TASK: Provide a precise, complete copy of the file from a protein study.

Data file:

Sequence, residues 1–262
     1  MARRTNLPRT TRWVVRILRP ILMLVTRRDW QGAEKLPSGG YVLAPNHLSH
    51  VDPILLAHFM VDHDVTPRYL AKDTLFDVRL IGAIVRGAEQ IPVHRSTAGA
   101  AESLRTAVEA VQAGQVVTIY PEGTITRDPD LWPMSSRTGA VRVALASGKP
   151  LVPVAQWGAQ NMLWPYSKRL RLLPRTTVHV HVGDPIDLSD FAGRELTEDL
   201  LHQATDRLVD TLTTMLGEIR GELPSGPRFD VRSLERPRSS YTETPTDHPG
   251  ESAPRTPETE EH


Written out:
Sequence, residues 1–262
     1  MARRTNLPRT TRWVVRILRP ILMLVTRRDW QGAEKLPSGG YVLAPNHLSH
    51  VDPILLAHFM VDHDVTPRYL AKDTLFDVRL IGAIVRGAEQ IPVHRSTAGA
   101  AESLRTAVEA VQAGQVVTIY PEGTITRDPD LWPMSSRTGA VRVALASGKP
   151  LVPVAQWGAQ NMLWPYSKRL RLLPRTTVHV HVGDPIDLSD FAGRELTEDL
   201  LHQATDRLVD TLTTMLGEIR GELPSGPRFD VRSLERPRSS YTETPTDHPG
   251  ESAPRTPETE EH